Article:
Translation: from spanish

se+dijo+que+no+lo+volvería+a+hacer

  • 481 hacer caso

    v.
    1 to obey, to pay attention, to give ear.
    María obedece a su padre Mary obeys her father.
    2 to obey.
    María obedece a su padre Mary obeys her father.
    * * *
    (v.) = take + notice, listen (to)
    Ex. Successful displays depend on two main ingredients: selection from the vast number of possible titles; and attractive layout, so that people will take notice of the books and want to know more about them.
    Ex. Only through listening to words in print being spoken does anyone discover their color, their life, their movement and drama.
    * * *
    hacer caso (a/de)
    (v.) = pay + attention to

    Ex: Scant attention is paid to evaluation and the needs of users.

    (v.) = take + notice, listen (to)

    Ex: Successful displays depend on two main ingredients: selection from the vast number of possible titles; and attractive layout, so that people will take notice of the books and want to know more about them.

    Ex: Only through listening to words in print being spoken does anyone discover their color, their life, their movement and drama.

    Spanish-English dictionary > hacer caso

  • 482 hacer caso omiso de

    to ignore, pay no attention to
    * * *
    (v.) = be oblivious of/to
    Ex. The advocacy of title entry for serials generally implies an ideology which is oblivious of the aims our catalog was designed to serve.
    * * *
    (v.) = be oblivious of/to

    Ex: The advocacy of title entry for serials generally implies an ideology which is oblivious of the aims our catalog was designed to serve.

    Spanish-English dictionary > hacer caso omiso de

  • 483 hacer cola

    v.
    to stand in line, to line up, to form a queue, to form a line.
    * * *
    to queue up, US stand in line
    * * *
    (v.) = queue up
    Ex. You will be disliked and turfed out as a sacrificial goat once your job is done but there will be many others queuing up for your services.
    * * *
    (v.) = queue up

    Ex: You will be disliked and turfed out as a sacrificial goat once your job is done but there will be many others queuing up for your services.

    Spanish-English dictionary > hacer cola

  • 484 hacer concesiones

    v.
    to make concessions, to compromise, to give and take.
    * * *
    to make concessions
    * * *
    (v.) = make + allowances
    Ex. Title indexes then are not true subject indexes, and allowances should be made during searching.
    * * *
    (v.) = make + allowances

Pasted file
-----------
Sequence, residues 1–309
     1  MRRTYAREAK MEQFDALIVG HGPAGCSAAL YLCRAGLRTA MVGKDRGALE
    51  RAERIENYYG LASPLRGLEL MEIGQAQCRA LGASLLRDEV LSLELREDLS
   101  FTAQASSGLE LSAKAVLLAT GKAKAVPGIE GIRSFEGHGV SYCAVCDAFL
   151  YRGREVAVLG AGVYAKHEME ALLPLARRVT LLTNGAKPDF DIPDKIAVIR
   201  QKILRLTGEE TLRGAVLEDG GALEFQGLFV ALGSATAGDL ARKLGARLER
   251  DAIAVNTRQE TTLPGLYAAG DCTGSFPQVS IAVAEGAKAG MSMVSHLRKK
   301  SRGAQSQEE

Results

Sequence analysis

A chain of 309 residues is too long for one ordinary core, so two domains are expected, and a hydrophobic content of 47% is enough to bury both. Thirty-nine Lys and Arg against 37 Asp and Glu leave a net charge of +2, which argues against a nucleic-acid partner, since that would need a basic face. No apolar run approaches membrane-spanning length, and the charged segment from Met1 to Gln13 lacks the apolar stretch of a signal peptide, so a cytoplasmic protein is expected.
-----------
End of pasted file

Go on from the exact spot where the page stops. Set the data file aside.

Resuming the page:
Ex: Title indexes then are not true subject indexes, and allowances should be made during searching.

    Spanish-English dictionary > hacer concesiones

  • 485 hacer conjeturas

    v.
    to make conjectures, to speculate, to conjecture.
    Especularon y ganaron They speculated and won.
    * * *
    to make conjectures
    * * *
    (v.) = speculate
    Ex. Speculate as to the index entries that the index string will cause to be generated, and make any necessary adjustments to indexing.
    * * *
    (v.) = speculate

    Ex: Speculate as to the index entries that the index string will cause to be generated, and make any necessary adjustments to indexing.

    Spanish-English dictionary > hacer conjeturas

  • 486 hacer constar

    v.
    to make manifest, to put on record, to state, to evidence.
    * * *
    (señalar) to point out, state 2 (escribir) to put down, include
    * * *
    (v.) = state
    Ex. Short abstracts are generally preferred, but there are instances where the most effective approach is to cite the original unamended, and to state that this is what has been done.
    * * *
    (v.) = state

    Ex: Short abstracts are generally preferred, but there are instances where the most effective approach is to cite the original unamended, and to state that this is what has been done.

    Spanish-English dictionary > hacer constar

  • 487 hacer daño

    v.
    to be harmful, to harm, to cause harm, to do harm.
    * * *
    (doler) to hurt 2 (causar dolor a alguien) to hurt 3 (ser malo para algo) to damage, harm; (ser malo para alguien) to do somebody harm
    * * *
    (v.) = do + harm, hurt
    Ex. Miss Laski suggests that the depiction of life found in many novels is naive, over-simplified and, as a constant diet, can do more harm than good.